A congressional proposal to bar states from regulating agricultural products produced or manufactured in other states has divided governors and state agriculture officials.

The Ending Agricultural Trade Suppression Act — meant to do away with animal housing regulations like California’s Proposition 12 and Massachusetts' Question 3  — has been welcomed by politicians in states like Iowa and Kansas who are concerned their states’ producers will have to deal with a patchwork of different state regulations to sell their products. Sen. Roger Marshall, R-Kan., is the lead sponsor of the bill in the Senate; Rep. Ashley Hinson, R-Iowa, is leading the companion measure in the House.

But the bill has also drawn opposition from those who feel such decisions should be left to states. Opponents, who range from Capitol Hill liberals to states’ rights advocates, worry the bill’s impacts would extend beyond just animal housing regulations, potentially disrupting state-level seed standards, invasive pest protection laws, food safety laws, infectious disease protection laws and other animal welfare laws. 

State agriculture departments across the nation have some “differences of opinion” on Proposition 12, National Association of State Departments of Agriculture CEO Ted McKinney told Agri-Pulse at the group’s annual meeting in Cheyenne, Wyoming.

Several state ag leaders would like to see more consistency amid the prospect of a “patchwork quilt” of different state regulations that could spring up after the Supreme Court decided to uphold the ballot initiative, McKinney said, noting the current system could lead to states implementing “tit-for-tat” policies in the future.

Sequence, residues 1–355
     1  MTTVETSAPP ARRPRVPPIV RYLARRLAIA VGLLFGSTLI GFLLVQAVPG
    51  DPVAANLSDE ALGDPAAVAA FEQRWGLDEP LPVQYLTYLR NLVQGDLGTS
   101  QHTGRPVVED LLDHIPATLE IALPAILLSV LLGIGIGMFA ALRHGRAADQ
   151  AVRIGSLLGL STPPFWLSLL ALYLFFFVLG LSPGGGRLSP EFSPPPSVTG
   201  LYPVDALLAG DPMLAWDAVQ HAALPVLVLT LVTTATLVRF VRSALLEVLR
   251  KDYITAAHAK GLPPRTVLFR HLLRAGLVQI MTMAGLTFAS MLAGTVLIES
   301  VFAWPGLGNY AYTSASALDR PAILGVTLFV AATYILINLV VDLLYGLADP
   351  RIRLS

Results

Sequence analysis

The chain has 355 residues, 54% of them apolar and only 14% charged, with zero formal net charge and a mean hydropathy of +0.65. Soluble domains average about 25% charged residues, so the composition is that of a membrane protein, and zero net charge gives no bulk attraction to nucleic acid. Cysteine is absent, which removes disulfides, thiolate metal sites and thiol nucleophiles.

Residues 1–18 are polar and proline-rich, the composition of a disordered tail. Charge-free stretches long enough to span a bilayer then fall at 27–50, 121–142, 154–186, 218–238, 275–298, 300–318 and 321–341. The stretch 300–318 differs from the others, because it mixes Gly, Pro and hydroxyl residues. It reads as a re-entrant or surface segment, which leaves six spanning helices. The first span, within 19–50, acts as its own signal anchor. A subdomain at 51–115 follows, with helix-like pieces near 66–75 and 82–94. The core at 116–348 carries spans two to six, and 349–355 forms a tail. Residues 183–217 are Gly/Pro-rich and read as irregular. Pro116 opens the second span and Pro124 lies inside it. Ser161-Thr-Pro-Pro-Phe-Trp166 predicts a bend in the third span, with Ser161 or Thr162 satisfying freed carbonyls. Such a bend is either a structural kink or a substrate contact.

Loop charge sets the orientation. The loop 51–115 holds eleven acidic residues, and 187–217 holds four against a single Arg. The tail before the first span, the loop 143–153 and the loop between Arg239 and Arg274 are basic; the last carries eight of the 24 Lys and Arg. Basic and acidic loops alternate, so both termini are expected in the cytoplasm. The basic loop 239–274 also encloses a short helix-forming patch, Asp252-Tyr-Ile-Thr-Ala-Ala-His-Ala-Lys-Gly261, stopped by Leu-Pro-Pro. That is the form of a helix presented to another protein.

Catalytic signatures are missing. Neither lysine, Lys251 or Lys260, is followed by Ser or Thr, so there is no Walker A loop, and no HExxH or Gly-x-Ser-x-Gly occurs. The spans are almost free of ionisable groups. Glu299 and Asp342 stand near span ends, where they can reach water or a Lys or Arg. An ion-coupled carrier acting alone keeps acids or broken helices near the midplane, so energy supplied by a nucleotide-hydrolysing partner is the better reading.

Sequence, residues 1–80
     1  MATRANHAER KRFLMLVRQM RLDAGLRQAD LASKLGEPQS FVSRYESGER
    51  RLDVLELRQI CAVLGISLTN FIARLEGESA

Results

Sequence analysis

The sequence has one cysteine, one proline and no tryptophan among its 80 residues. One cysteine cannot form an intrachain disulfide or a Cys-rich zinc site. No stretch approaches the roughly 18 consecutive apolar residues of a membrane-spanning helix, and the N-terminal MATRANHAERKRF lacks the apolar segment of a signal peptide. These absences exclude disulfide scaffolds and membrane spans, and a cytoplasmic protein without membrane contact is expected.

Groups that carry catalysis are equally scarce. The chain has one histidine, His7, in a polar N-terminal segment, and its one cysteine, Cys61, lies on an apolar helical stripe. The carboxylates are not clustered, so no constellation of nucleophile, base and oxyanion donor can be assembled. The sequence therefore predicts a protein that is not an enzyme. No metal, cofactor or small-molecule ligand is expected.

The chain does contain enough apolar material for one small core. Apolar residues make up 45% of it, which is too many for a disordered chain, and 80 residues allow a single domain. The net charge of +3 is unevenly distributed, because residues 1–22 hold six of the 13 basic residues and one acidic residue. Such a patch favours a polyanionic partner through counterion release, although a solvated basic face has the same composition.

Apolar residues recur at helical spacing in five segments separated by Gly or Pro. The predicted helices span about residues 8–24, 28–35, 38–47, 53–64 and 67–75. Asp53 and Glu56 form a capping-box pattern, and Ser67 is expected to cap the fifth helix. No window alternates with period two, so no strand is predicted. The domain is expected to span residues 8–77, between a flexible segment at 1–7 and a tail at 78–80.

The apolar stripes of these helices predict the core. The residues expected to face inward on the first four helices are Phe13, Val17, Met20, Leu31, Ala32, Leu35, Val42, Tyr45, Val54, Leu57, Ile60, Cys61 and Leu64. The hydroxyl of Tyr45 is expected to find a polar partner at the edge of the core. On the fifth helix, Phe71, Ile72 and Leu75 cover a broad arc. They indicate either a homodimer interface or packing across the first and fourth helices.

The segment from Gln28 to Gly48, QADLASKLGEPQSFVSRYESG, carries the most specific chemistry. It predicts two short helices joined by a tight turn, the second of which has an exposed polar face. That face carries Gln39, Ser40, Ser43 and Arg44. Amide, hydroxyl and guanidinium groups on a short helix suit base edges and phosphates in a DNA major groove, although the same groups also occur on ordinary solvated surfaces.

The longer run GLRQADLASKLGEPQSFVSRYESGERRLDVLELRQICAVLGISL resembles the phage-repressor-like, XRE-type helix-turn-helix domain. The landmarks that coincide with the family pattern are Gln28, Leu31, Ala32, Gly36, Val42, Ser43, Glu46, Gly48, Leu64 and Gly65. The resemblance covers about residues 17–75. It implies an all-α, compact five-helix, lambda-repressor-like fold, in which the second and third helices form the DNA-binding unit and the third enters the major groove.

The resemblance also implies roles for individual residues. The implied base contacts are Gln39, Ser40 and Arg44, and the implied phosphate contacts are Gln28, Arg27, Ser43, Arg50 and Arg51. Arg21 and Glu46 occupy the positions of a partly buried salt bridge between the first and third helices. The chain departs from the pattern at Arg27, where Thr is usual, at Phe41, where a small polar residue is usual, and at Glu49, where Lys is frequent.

While the EATS Act — on which McKinney said NASDA does not have a position — is one potential way to move forward, he said tighter requirements for state ballot initiatives may be another.

“We have enjoyed a lot of open trade under the Commerce Clause; this was a new factor,” McKinney said of Proposition 12. “But I think most of our members would say, ‘Yes, if it can be done, we’d really like some uniformity.'”

Karen_Ross_23_West_Summit.jpgCalifornia Ag Secretary Karen Ross

Proposition 12, which requires producers to comply with specific pen-size requirements to sell their pork, eggs or veal within the state of California, is currently in effect, though noncompliant pork in the possession of distributors or end users as of July 1 can still be sold until Dec. 31, according to the California Department of Food and Agriculture. The agency is currently working to certify third-party inspectors that can vet farms for compliance, California Agriculture Secretary Karen Ross told Agri-Pulse. She said both certifications and paperwork will be “key” to the agency’s enforcement efforts.

Ross said California’s defense of Proposition 12 in its court case against the National Pork Producers Council — which resulted in the Supreme Court upholding the ballot measure — reflects the state’s position on the EATS Act. The bill, she said, goes against the wishes of California voters. 

“Congress can do anything they want to,” Ross told Agri-Pulse. “That doesn’t mean the state of California would support that. And I think our position is very clear because you don’t just willy-nilly decide you’re going to defend something in the Supreme Court.”

Ross also said the impacts of the EATS Act could potentially extend past animal housing laws and into other environmental, consumer protection and labor laws.

“It impacts more than just this one proposition,” Ross said. “It has a very far-reaching impact to states’ rights."